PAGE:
If you ever find yourself onstage opening for comedian Ray Romano, heed the following advice.
Actually, these aren’t my insights but rather the wisdom of Jon “Manfro” Manfrellotti, a great comic who headlines his own show tonight-Sunday at the Riviera Comedy Club.
Manfro has been friends with Romano for decades.
“He’s the exact same guy I met 25 years ago, except he has a lot more money now,” Manfro says of Romano.
“When you open for Ray, it’s a different kind of show. I don’t want to mess with the crowd. I’m out there to take the bullet, warm them up and get ’em going,” Manfro says.
“When they go, ‘Welcome to an evening with Ray Romano,’ the crowd gets all fired up. ‘But first ... here’s this guy.’ So I have to win them over.”
The first few minutes are the toughest. Some Romano fans are still streaming in from the bar. The crowd is thinking, “Wait a minute. There’s another guy first? Who is this guy?”
So Manfro says something along the lines of, “Hey, welcome to The Mirage. Thanks for coming in. Welcome to an evening with Ray Romano. My name is Jon Manfrellotti. How many people recognize me as Ray’s friend from ‘Everybody Loves Raymond’?”
That gets people to pay attention, so Manfro can start his act.
“I learned the hard way, years and years ago, opening for people. If you come out and jump right into your act, they don’t even hear the first five minutes.”
Manfro enjoys opening for Romano.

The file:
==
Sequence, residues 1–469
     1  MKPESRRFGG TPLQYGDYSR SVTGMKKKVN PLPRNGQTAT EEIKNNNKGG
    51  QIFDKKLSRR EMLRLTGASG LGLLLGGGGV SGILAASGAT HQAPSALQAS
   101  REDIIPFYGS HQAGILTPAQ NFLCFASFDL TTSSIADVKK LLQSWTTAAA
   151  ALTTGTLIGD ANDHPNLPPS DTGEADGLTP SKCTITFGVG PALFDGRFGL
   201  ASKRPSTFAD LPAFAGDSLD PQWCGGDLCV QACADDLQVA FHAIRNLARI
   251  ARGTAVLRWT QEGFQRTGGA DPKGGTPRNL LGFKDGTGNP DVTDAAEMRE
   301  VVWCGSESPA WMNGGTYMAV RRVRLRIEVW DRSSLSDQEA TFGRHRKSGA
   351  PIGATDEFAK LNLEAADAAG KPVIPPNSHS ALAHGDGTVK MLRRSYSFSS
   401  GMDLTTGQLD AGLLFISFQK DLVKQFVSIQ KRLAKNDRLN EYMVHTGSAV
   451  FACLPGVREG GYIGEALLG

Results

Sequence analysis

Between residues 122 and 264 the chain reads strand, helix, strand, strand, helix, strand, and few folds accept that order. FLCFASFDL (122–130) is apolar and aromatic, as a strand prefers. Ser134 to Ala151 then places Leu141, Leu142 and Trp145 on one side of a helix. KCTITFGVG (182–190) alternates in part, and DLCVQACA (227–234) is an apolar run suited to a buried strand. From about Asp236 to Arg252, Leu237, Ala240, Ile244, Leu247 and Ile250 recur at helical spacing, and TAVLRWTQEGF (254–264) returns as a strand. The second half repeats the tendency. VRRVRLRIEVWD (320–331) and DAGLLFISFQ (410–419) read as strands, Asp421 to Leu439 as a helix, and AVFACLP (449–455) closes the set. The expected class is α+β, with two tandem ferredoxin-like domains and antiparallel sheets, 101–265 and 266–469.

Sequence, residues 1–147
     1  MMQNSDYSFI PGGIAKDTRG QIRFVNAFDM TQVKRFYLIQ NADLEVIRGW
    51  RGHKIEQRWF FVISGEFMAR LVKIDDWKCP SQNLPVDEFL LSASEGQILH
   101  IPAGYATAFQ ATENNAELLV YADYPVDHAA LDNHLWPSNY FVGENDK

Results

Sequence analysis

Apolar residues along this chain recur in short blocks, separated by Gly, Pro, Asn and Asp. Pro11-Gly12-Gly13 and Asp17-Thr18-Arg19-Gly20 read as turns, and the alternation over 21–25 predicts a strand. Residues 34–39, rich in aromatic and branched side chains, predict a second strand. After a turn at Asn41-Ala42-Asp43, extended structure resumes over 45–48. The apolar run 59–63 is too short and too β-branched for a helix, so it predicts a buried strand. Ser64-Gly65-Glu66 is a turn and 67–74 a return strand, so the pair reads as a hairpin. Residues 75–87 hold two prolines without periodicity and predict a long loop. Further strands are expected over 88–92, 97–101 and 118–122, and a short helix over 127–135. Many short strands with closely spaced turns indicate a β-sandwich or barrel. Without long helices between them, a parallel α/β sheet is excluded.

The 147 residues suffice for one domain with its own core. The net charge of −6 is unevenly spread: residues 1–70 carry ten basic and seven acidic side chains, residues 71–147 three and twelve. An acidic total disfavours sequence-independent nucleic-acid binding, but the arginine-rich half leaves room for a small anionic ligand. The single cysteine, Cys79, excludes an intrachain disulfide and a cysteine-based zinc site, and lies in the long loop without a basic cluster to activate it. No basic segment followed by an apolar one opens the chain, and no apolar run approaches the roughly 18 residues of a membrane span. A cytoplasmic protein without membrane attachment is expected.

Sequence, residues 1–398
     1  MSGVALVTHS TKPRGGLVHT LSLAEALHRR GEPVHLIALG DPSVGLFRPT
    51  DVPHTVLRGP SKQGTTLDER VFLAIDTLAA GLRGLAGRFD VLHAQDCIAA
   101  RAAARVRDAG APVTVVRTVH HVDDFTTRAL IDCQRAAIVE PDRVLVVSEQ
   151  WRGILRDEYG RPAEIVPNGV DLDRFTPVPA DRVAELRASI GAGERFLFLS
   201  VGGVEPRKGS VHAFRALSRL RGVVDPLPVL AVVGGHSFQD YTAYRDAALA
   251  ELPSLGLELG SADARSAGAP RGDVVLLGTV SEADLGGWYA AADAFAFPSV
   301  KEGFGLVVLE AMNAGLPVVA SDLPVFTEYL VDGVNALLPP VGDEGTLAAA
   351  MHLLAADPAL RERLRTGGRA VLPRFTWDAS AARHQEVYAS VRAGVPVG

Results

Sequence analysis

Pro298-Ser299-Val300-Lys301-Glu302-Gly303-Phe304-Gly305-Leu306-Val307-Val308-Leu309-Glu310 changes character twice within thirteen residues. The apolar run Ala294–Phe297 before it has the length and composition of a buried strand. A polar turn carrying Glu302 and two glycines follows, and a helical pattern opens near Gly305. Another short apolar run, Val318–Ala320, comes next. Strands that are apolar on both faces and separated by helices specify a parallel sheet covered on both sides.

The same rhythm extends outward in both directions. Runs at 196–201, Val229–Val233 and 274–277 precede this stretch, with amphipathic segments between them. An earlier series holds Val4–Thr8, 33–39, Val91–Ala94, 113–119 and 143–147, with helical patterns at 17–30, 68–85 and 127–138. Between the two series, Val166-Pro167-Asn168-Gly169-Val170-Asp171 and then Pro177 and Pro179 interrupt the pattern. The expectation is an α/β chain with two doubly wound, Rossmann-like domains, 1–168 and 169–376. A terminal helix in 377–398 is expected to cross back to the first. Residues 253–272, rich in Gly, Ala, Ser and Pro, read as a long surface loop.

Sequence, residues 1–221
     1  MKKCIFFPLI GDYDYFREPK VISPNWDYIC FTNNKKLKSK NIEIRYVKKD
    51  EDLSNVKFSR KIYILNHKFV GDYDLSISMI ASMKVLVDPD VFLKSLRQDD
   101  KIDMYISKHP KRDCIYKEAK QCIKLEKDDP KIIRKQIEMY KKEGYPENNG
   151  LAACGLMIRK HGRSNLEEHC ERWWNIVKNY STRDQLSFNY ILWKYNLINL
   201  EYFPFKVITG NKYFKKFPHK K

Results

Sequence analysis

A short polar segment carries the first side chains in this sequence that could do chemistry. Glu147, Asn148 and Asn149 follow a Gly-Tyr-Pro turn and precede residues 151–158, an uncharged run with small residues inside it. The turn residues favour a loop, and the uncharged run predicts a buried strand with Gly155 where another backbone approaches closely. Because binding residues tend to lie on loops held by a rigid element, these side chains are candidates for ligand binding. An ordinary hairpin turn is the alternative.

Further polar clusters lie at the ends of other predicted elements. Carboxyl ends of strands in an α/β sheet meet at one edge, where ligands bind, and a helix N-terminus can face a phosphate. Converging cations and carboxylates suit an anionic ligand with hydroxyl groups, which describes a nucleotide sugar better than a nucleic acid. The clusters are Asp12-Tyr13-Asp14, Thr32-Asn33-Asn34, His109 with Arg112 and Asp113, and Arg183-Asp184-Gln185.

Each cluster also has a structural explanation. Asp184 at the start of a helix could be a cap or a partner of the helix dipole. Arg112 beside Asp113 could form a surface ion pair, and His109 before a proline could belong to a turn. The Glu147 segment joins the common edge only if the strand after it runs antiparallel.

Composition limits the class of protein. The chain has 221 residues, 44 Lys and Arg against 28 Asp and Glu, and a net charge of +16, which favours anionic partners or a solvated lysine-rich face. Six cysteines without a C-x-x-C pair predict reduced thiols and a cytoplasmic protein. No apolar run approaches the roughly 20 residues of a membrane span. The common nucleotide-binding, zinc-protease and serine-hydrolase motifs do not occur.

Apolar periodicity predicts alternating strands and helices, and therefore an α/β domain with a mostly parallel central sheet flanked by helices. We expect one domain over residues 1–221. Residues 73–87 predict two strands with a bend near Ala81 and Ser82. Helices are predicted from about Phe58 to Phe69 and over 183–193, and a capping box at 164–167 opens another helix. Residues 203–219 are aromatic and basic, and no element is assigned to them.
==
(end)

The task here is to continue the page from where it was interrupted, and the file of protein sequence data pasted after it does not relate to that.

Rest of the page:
“I love it. It’s fun. It’s easy. Ray gets great audiences. The theater is fantastic. I can’t think of anything bad about it, to be honest with you.”
Manfro also cherishes his Riviera headlining gigs, which are more irreverent, but performing for a week straight is for real, he says.
“The Riv is a tougher gig because it’s so long. Seven days is tough. By the time Wednesday rolls around, I’m ready to tie sheets together and lower myself out the window.”
Manfro is one of those comics who doesn’t venture onto the Strip much. He holes up in his hotel room, writing scripts and jokes, and playing music.
“I’ll bring a guitar and lock myself in the room all day until it’s showtime,” he says.
Manfro earned praise for portraying the bookie, not coincidentally named Manfro, on Romano’s acclaimed but canceled TV show “Men of a Certain Age.”
Manfro and a writing partner wrote a script for a “Manfro” spinoff show, but the spinoff never happened, possibly because Manfro is not in the springtime of his youth.
“You know how show business is. I can write the most brilliant script, but I can’t make myself 20 years old.”
Manfro also has played a sometimes-recurring character on “Mad Men.”
As far as I’m concerned, Manfro has only two career challenges.
First challenge: Like Romano, Manfro is not on Twitter. I told him I don’t trust men who aren’t on Twitter. He joked, “Twitter? I hardly knew her.”
Second problem: That syllable-juggling name of his.
“People speak ‘Manfrellotti’ like it’s an eye cast or something, like, ‘Cover one eye and read my name.’ ”
His name is so not showbizzy, he is the only successful Hollywood person I have ever interviewed who ended the interview by spelling his name to make sure I didn’t screw it up.
“Have you got my name spelled right? I’d like to know,” he said. “It’s J-O-N.”
Ha-ha, I got it, I got it. I think. I don’t know. You might want to double check on Google.
Doug Elfman’s column appears Tuesdays, Thursdays and Saturdays. Email him at email@example.com. He blogs at reviewjournal.com/elfman.